While checking out the Scientific America’s citizen science website, I stumbled across a project called Small World of Words. The goal of the project is to help researchers discover how the meaning of words is stored in memory. All I had to do was take a 5 minute quiz where they give you a word and all you have to do is type the first two or three words that word makes you think of. No need to even leave the house to become a citizen scientist. Another project that caught my eye is the Folger Shakespeare Library, Zooniverse.org, Oxford English Dictionary collaborating on the project called Shakespeare’s World which asks participants to “transcribe handwritten documents by Shakespeare’s contemporaries to help researchers understand his life and times”. A fascinating study, you can pick from either transcribing letters or recipes depending on your own interests.
However, the projects which most interest me are the ones that require you to go outside and simply watch what’s going on in the world around you. In today’s world, disconnecting from technology can be impossible, so I welcome the chance to take a few moments to tune out the technology and focus on nature. Sure, I’ll be reporting back my finding using technology but a pad and pen will do fine for counting the amount of bees that visit my Lemon Queen sunflower or how many hummingbirds visit my feeder. I wish I had known about citizen science programs when my kids were little. What a great way to encourage children to be observant and perhaps gain a better understanding, interest and love of science.
There are projects for people of all ages, so anyone can be a citizen scientist, if they are interested. Technology and the internet have bridged the gap between university researchers and scientists stuck in labs – linking them with ordinary people who have similar interests in their research.
For gardeners, there are plenty of projects to get involved with from the Great Sunflower Project to the Citizen Science Soil Collection Project , aimed to help scientists at the University of Oklahoma study microscopic life in soil samples in search of new drug compounds. Or the Lost Ladybug project aimed to help entomologists better understand ladybug distribution across North America. Another project involving sunflowers is Turing’s Sunflower project where volunteers are asked to grow sunflowers and put mathematical theories of Alan Turing and other researchers to the test. As a gardener, I always include sunflowers in our garden since I love the majestic beauty sunflowers bring to the garden and can’t think of a better way to help contribute in some small way than helping researchers compile some data from something I was doing anyway.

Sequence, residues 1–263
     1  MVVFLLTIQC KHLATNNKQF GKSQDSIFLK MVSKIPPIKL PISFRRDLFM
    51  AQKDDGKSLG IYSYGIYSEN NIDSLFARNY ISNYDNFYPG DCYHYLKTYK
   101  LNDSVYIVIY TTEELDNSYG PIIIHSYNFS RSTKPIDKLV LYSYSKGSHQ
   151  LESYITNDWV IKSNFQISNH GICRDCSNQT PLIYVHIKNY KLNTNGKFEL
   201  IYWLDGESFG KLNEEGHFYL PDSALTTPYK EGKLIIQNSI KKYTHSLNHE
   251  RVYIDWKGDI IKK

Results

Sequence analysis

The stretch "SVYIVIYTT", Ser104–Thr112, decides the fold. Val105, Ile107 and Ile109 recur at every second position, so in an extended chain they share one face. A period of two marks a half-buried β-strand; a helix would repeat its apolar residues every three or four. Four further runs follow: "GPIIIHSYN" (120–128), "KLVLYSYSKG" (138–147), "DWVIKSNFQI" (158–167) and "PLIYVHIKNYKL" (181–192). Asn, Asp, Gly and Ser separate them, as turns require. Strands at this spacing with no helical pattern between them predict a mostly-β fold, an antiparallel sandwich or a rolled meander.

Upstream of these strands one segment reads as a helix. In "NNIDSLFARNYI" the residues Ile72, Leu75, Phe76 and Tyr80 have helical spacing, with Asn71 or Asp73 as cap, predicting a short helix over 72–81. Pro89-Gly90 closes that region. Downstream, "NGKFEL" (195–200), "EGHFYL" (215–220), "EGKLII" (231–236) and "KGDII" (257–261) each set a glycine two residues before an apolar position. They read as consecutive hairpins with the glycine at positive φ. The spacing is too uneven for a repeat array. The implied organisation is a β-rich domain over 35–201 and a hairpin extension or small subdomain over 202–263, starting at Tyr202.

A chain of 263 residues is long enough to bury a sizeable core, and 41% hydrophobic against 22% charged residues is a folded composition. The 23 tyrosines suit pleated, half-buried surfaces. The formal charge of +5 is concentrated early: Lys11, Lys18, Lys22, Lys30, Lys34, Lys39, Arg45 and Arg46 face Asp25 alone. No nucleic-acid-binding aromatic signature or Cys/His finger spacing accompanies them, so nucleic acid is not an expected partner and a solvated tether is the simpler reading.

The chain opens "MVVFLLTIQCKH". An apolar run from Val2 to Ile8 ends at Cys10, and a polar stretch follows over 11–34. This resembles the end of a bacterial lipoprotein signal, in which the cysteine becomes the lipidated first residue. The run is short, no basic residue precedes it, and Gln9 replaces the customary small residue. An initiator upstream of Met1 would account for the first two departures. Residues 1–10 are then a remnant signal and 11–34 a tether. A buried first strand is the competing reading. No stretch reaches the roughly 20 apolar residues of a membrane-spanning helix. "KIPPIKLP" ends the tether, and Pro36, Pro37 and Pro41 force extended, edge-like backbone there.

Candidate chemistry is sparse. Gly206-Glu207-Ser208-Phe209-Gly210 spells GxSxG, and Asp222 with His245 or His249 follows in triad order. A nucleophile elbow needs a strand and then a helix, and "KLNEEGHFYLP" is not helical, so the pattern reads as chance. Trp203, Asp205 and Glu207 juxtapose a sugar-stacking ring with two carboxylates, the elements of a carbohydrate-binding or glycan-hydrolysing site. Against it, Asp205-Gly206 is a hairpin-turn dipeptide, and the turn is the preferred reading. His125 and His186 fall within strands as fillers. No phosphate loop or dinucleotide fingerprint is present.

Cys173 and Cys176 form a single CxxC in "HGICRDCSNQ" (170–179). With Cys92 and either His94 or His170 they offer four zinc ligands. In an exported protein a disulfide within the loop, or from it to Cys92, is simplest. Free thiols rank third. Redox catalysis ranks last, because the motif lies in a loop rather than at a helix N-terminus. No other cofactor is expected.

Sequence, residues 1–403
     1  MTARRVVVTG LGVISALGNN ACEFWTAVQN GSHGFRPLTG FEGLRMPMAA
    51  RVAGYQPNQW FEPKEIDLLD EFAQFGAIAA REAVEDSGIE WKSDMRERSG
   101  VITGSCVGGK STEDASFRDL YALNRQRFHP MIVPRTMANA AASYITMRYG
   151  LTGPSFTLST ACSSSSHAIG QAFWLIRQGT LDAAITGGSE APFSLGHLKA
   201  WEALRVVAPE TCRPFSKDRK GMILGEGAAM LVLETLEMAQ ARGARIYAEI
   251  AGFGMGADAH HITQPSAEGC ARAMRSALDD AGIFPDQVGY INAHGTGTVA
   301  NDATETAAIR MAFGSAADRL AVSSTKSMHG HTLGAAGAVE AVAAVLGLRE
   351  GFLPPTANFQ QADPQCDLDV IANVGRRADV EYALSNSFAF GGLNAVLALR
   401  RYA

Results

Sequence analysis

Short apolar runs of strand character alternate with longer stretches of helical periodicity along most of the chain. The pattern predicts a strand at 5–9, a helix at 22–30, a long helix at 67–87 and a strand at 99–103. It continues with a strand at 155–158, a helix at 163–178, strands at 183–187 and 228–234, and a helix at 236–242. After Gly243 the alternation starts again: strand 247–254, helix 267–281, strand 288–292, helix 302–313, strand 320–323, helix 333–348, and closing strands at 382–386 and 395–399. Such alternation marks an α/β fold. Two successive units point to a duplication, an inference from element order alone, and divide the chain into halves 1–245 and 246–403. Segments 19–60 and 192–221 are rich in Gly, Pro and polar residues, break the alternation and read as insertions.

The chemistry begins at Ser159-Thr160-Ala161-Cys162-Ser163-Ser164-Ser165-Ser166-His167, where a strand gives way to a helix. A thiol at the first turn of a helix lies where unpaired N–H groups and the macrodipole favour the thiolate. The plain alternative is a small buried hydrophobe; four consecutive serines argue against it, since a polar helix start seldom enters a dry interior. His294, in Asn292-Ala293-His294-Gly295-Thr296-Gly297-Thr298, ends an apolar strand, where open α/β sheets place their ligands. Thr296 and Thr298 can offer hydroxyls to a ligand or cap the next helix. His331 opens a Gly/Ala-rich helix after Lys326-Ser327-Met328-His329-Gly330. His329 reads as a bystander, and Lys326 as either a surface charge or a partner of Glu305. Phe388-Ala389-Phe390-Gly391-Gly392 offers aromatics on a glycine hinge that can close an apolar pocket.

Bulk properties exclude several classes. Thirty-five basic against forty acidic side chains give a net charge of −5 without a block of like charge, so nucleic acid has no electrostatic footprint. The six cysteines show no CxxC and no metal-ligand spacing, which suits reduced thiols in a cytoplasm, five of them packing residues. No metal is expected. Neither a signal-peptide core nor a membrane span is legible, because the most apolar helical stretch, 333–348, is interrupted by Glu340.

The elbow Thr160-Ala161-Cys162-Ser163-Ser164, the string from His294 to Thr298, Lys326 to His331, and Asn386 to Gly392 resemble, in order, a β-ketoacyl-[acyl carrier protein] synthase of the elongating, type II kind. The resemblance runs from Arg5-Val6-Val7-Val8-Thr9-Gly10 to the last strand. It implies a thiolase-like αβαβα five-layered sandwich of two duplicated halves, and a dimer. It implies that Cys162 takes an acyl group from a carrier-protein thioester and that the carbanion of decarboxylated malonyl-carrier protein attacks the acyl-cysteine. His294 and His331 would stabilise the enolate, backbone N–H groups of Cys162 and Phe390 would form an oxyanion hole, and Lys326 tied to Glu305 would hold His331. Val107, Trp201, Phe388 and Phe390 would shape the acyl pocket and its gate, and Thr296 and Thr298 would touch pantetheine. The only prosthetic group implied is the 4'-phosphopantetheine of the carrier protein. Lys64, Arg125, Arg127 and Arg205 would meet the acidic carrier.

Technology has allowed us the ability to easily record our observations with the use of our cell phone cameras and apps. Whether it’s Project Noah or Nature’s Notebook, there are more and more platforms like these that allow ordinary people to join the citizen scientist movement and get involved. In a few weeks on April 18th we celebrate Citizen Science Day #citsciday, hopefully making more and more people aware of how they can get involved with citizen science and perhaps attend a scheduled event near them. Check out this PSA
I believe in order for us to live a sustainable life, we need to make these seemingly small contributions of data to the scientific world. The more data collected will help researchers further their understanding of the world we live in and help us to take batter care of it and ourselves for generations to come.